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A School in India is Charging Plastic Waste as “Tuition” | Our Daily Planet

The Akshar School Image: The Sentinel, Assam

by Alexandra Patel

A school in Assam, India is rethinking the cost of education by requiring students to pay in the form of collected plastic waste. At the Akshar Forum School, this initiative of using plastic as school fees was devised to confront the staggering amounts of plastic waste in the region, as well as create greater environmental awareness among students and their families. Mazin Mukhtar, one of the school’s founder explained that, “We realized that education had to be socially, economically and environmentally relevant for these children.” The results have been really positive, as many families are now putting up signs in their homes and shops to spread awareness

The Environmental Cost: Assam is home to 1 million residents and produces around 37 tons of plastic garbage each day. Families often burn plastic for heat during the winter, exposing themselves and those around them to the toxic chemicals that are emitted.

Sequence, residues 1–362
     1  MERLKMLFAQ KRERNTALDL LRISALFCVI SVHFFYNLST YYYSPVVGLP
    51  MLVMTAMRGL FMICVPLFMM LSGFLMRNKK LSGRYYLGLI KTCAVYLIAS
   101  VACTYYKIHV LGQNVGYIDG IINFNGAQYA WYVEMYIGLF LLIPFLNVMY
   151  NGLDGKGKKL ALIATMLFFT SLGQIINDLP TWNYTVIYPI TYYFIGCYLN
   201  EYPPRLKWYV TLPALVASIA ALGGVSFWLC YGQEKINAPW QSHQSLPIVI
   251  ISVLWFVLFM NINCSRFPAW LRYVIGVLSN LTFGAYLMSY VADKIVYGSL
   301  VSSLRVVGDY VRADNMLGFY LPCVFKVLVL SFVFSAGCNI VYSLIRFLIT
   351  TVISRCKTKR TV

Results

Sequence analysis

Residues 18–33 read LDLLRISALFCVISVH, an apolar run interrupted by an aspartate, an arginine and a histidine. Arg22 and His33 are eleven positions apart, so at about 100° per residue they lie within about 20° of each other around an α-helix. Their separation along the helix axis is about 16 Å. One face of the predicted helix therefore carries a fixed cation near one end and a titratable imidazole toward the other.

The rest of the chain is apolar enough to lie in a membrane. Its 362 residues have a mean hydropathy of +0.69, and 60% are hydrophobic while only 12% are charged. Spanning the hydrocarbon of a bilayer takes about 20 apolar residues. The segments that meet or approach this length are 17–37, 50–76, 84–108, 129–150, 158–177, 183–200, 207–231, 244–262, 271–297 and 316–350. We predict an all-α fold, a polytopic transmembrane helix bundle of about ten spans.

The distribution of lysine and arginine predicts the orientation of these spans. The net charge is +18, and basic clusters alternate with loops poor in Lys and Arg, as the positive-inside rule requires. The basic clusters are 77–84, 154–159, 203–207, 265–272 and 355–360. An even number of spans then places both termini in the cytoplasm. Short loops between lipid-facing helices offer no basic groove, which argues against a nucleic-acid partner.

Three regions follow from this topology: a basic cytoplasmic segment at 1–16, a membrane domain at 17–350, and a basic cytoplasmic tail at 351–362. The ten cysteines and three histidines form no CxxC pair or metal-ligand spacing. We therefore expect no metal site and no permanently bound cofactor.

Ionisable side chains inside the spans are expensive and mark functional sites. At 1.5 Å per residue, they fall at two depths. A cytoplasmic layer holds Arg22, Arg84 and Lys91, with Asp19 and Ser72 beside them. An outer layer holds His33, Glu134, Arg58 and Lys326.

A New Idea: The plastic hauls brought in each day are then transformed by students into ecobricks – compacted plastic bottles and other plastic waste dense enough to be used for construction. These materials can then be used to build infrastructure throughout the community, such as new schools and road paths. As Time explained, attendance to the school was “previously free, but the initiative was started after a request for parents to participate in a recycling program failed, according to AFP. Parents have also been asked to promise not to burn plastics.”

Why This Matters: Getting families and entire communities involved in sustainable practices can help normalize them but more specifically teach children from a young age to be more cognizant of their impact on the planet. Across India, local governments have been working to ban single-use plastics especially after Prime Minister Narendra Modi vowed to abolish them by 2022. However, bans must also be accompanied by cultural shifts as plastic use is so ingrained in the lives of people across the world and all of us need to reshift our relationship with single-use plastics. 

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